All manner of current and archived television shows are available over the Internet. Televisions sets are currently available that will show video acquired over the Internet on TV screens, but the cost remains high. There is a difference-in-resolution problem between computer monitors and TV screens that needs to be resolved. In a reverse twist, video programming that started on the Internet is being picked up by cable TV operators.

The latest version of the Kindle wireless reading device from Amazon is expected to alter the book publishing industry. It makes available a huge library of material and displays text on a video screen designed to mimic the printed page. It may also change the way that newspapers are disseminated. For a subscription fee, your local or national daily will be downloaded overnight for you to access with your morning coffee.

The Internet Keeps Changing the World

The Internet is revolutionizing everything about the world. Social networking sites (Facebook, Twitter and LinkedIn) have grown into business promotional and information-sharing sites, as well as job-search sites. At the same time, Twitter displayed its humanitarian applications during the most recent political upheaval in Iran. It was a primary means for the population at large to disseminate to the world dissatisfaction with the way the religious elite apparently manipulated the election results.

As a further example, China has just backed down on requiring PC makers to install web-filtering technology on all computers sold in the country. “Green Dam-Youth Escort” − the name of the filtering software − has been officially touted as a means to protect the public, especially children, from porno and gambling sites. But human rights activists have been suspicious about political monitoring and censorship that might accompany the software. The delay in implementation has been termed only temporary by Beijing. Hopefully, this is a face-saving gesture and the plan will be dropped altogether.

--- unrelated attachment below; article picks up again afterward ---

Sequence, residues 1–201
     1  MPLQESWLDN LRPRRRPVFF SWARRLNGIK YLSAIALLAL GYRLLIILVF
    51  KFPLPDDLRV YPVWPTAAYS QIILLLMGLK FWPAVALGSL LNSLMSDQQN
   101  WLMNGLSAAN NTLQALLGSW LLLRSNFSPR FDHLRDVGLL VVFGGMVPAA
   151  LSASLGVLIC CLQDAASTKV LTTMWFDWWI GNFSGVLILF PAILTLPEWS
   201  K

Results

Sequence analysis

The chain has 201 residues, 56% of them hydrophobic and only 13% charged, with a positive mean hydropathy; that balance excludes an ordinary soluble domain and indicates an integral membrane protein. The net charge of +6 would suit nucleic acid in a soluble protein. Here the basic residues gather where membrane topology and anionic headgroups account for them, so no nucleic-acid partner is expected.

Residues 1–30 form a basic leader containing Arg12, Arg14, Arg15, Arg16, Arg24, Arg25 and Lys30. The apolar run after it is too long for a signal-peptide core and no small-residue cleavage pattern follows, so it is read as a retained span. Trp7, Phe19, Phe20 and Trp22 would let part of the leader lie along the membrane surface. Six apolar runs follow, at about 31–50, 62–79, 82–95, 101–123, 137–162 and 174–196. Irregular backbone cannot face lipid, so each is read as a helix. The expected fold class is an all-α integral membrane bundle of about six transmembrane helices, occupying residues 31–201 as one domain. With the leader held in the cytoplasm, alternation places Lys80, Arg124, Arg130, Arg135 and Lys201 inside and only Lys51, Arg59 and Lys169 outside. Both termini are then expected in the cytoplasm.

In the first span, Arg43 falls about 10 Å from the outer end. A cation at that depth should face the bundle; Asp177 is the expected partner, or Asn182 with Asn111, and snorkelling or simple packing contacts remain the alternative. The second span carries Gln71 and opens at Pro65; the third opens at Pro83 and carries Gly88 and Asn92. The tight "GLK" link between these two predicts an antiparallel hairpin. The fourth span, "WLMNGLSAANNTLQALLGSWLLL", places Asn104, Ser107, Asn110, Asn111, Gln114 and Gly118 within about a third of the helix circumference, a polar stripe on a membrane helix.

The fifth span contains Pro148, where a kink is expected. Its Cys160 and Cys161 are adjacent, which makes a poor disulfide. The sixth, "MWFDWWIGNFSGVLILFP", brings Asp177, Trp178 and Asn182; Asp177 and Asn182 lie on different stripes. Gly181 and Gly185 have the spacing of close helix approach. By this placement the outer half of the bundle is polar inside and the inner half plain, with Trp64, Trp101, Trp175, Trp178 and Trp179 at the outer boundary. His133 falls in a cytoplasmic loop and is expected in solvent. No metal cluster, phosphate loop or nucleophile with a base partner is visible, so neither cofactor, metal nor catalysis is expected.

BIM will Alter Construction Work-flows

In the construction industry, BIM (Building Information Modeling) is about to change the way buildings are designed and constructed. People simply understand things better when they see them in 3D. This is as opposed to the two dimensions that static blueprints utilize. In 3D, it is much easier to spot design problems and fix them before they reach the job site. It helps all participants visualize better, leading to more useful input. Such a full team approach, from architects through subs, will yield improved construction results.

Canada is at a Disadvantage

There is a problem in much of the foregoing for Canada. A MACLEANS magazine article of a couple of weeks ago pointed out that the newest technology products are not coming to Canada as soon as they are available south of the border. There is often a delay of a year or more. This might not sound like much. However, this puts our developers at a disadvantage. For example, something like 25,000 applications have been written for the iPhone. Canadians firms were held back from participating right from the get-go.

There are a limited number of telecommunication delivery services in Canada. Some products can only be provided over certain wireless systems. This limits access. The U.S. market is more open and consequently the cost to subscribers is a lot less. There is a forward-propelling and self-perpetuating relationship between generating interest, stimulating research and delivering greater revenue returns that leads to more success.

Alex Carrick

Find Canadian construction-related economic articles in Canadian Construction Market News and in the Economic Outlook section of Daily Commercial News. Mr. Carrick also has a lifestyle blog that can be reached by clicking here.